Long hair style makes a comeback

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By Peter HugginsHuggins Grayscale
Eagle Staff

Many great men have had long hair. America’s

Founding Fathers had long hair, even if the hair

was not theirs. If you are looking for successful

people in life, then look for people with long hair.

Hulk Hogan had long hair. So did Jesus. His

long, flowing locks could be seen performing miracles all over the ancient Middle East. Also, Justin

Bieber started doing drugs as a result of getting his hair cut.

Long hair is no longer a hippy, counter-culture quality that represents rebellious behavior, the

disregard of hygiene, or having one’s origins in Europe. Instead, it is seen as a conscious decision to

rock a different look.

For some reason, St. Thomas requires that we keep our hair a certain length. This kind of rule would

make sense in 1970, however, times have changed.

Long hair can be tasteful, if done correctly. Length should no longer be a determining factor in the

decision of whether or not hair is presentable.

I agree unkempt, nasty hair should be chopped. And yes, longer hair is harder to maintain, but the

decision to have your hair a certain length is your decision.

St. Thomas wants to teach us to be presentable, well-groomed men. Many well groomed men sport

the long-haired look.

I don’t know where the desire to grow out our hair came from, but my guess is that Hollywood had

something to do with it. Long hair has found its own niche in pop culture, with some prime examples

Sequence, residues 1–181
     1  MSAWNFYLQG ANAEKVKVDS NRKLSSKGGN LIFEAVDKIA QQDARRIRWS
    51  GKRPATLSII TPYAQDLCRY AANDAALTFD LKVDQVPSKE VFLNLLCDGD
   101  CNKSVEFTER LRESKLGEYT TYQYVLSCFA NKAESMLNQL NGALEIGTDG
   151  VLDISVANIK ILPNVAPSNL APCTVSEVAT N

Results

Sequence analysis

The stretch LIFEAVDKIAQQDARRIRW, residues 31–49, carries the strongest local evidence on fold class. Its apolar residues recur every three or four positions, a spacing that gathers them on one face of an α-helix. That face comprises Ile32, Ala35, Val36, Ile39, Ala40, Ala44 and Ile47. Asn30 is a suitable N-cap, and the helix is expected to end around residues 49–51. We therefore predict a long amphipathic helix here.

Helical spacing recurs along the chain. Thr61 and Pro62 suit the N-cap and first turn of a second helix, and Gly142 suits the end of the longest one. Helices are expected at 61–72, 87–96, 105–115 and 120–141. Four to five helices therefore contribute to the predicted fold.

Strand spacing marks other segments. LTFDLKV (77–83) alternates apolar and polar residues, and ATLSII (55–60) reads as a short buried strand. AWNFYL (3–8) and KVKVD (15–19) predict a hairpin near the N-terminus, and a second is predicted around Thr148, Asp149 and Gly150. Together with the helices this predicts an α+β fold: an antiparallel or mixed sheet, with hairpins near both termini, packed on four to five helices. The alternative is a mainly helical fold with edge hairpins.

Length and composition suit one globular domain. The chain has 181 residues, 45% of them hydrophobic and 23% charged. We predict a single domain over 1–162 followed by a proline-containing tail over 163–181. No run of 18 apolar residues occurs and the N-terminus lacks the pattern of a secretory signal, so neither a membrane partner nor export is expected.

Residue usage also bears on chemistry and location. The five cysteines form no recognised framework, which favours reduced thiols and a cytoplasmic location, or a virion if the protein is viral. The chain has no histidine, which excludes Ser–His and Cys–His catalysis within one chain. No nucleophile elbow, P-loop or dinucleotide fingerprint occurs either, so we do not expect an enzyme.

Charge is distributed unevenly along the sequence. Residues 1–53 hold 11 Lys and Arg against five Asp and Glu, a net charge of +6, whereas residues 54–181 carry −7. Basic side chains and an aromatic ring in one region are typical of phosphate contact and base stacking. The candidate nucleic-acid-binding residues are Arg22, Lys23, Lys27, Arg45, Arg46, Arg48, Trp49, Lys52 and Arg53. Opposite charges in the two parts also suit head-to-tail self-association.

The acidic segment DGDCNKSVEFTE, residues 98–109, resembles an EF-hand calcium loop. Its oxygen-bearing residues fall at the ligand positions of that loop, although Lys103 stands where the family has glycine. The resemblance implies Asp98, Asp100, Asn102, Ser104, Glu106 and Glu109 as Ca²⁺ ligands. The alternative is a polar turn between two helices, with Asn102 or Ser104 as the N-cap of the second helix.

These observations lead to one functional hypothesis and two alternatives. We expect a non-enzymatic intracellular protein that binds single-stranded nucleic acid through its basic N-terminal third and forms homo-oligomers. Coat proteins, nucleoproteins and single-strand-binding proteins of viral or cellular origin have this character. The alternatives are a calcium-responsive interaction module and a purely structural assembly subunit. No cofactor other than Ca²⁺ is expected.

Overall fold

being Chris Hemingsworth, Ashton Kutcher and even Keaneau Reeves.

Despite the popularity of longer hair, many people still hate on the look. The majority of this crowd is

macho-men who think that dudes that have long hair are girly.

This idea is false. Men who wear their hair long are like men who wear pink clothes. They are secure

enough in their masculinity to embrace who they are and how they look.

A great sport hairdo is the baseball mullet. This hair style can be seen every day in the St. Thomas

hallways, modeled by Mullet-Master and student Jack Scrimsher. Schrimsher. Although he faces

daily opposition for his hair style, Jack will not yield.

A large part of how an athlete plays is how he thinks he looks while he is playing. If you look good,

you feel good, and if you feel good, then you play well, and if you play well, then you know what

happens.

Taking away the ability to grow out our hair is restricting the performance of our athletes.

Anyone remember Ben Condara? The STH legend who won the state championship on a walk-off hit

last year? His mullet was the leading reason he was to perform in crunch-time.

Without that mullet, St. Thomas baseball is still stuck at 23 state championships. As a school, we

want state championships. So, according to logic, we like mullets.

Long hair is a very important topic. I anticipate that it will be a leading issue in the 2016 presidential

campaign.

So, start growing out your hair. If we do not have that right, what rights do we have?

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